Bèze History, Family Crest & Coats of Arms

The name Bèze is an old Languedoc name. It comes from when the family lived in Languedoc included the southeastern portion of the Massif Central, a plateau in the south of France, and ran from the province of Rousillon, in the west, to the Rhône River, forming the border with Provence, in the east. Its capital was Toulouse. It was formed around the county of Toulouse. It was named after the language in use in the region. Langue d'oc means "the language that uses oc for yes," as opposed to the northern dialect, langue d'oïl, which means "the language that uses oïl for yes."

Early Origins of the Bèze family

The surname Bèze was first found in Languedoc, where the family were formerly seated.

"This great Norman house was divided into two branches, that gave their name to Bec-Crespin and Bec-en Caux, and claimed to descend from Duke Rollo's daughter Crispina, the wife of Grimaldi, Prince of Monaco. Other authorities derive them from Amfrid the Dane, whose son Turstin Goz is given as the common ancestor of the house of Avranches, Earls of Chester, and the Barons of Bec-Crespin, hereditary Constables of Normandy, and Castellans of Tillieres. " [1]

Early History of the Bèze family

This web page shows only a small excerpt of our Bèze research. Another 429 words (31 lines of text) covering the years 1234, 1271, 1292, 1307, 1529 and 1700 are included under the topic Early Bèze History in all our PDF Extended History products and printed products wherever possible.

Bèze Spelling Variations

French surnames were subject to numerous spelling alterations depending on the region and time it was used. The early development of the French language relied heavily on borrowing elements and grammar from other languages. For example, Old French was infused with Germanic words and sounds when barbarian tribes invaded and settled in France after the fall of the Roman Empire. Middle French also borrowed heavily from the Italian language during the Renaissance. As a result of these linguistic and cultural influences, the name Bèze is distinguished by a number of regional variations. The many spelling variations of the name include Bes, Bès, Besse, Bèse, Bez, Bec, Bèce, Bècce, Besses, Bess, Best, Beste, Bèze, Baiz, Baize, Baise, Baisse, Baisses, Le Bes, Le Bès, Le Besse, Le Bèse, Le Bez, Le Bec, Le Bèce, Le Bècce, Le Besses, Le Bess, Le Best, Le Beste, Le Bet, Le Bett, Le Bette, De Bèze, De Baiz, De Baize, De Baise, De Baisse, De Baisses, De Bes, De Bès, De Besse, De Bèse, De Bez, De Bec, De Bèce, De Bècce, De Besses, De Bess, De Best, De Beste, De Bet, De Bett and many more.

Early Notables of the Bèze family (pre 1700)

More information is included under the topic Early Bèze Notables in all our PDF Extended History products and printed products wherever possible.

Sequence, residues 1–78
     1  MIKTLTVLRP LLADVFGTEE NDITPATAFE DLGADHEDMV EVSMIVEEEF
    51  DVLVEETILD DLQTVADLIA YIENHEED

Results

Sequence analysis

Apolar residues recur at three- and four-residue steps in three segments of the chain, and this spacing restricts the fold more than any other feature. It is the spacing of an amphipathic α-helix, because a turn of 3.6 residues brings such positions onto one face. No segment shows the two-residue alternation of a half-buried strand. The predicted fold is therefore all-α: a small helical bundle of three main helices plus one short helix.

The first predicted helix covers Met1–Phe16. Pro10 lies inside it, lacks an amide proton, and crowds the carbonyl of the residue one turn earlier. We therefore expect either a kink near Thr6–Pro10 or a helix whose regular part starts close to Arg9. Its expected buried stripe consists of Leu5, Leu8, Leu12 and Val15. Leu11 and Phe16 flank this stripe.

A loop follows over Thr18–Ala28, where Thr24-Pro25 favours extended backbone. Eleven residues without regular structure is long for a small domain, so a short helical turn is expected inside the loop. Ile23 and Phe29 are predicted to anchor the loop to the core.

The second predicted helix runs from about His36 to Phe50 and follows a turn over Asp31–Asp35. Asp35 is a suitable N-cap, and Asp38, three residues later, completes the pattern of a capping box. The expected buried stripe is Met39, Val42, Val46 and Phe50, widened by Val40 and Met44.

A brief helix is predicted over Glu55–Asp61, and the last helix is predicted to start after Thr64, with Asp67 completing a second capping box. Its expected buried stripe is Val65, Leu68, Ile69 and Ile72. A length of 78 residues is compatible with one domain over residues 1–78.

Migration of the Bèze family

France was active as a cultural leader in the early 16th century. One particular area in which they lead was the exploration of the New World. The explorers, like Jacques Cartier in 1534, led the way to North America. Champlain, in 1608, made the first of twenty voyages to France to attract settlers and brought the first migrant in 1617. By 1675, there were 7000 French in Quebec, and the French Acadian presence in the Maritimes had reached 500. The French founded Lower Canada, thus becoming one of the two great founding nations of Canada. The family name Bèze has made many distinguished contributions in France and New France to the world of science, culture, religion, and education. Amongst the settlers in North America with this distinguished name Bèze were Anna Bess, aged 15; Agnès Bess, aged 19; Carl Bess, aged 18; and Catharine Bess, aged 59; settled in Rio de Janeiro, Brazil, in 1878; James Bess settled in America in 1768.



The Bèze Motto +

The motto was originally a war cry or slogan. Mottoes first began to be shown with arms in the 14th and 15th centuries, but were not in general use until the 17th century. Thus the oldest coats of arms generally do not include a motto. Mottoes seldom form part of the grant of arms: Under most heraldic authorities, a motto is an optional component of the coat of arms, and can be added to or changed at will; many families have chosen not to display a motto.

Motto: Animi viam monstrat eis
Motto Translation: Just for fun way to show them


  1. ^ Cleveland, Dutchess of The Battle Abbey Roll with some Account of the Norman Lineages. London: John Murray, Abermarle Street, 1889. Print. Volume 1 of 3


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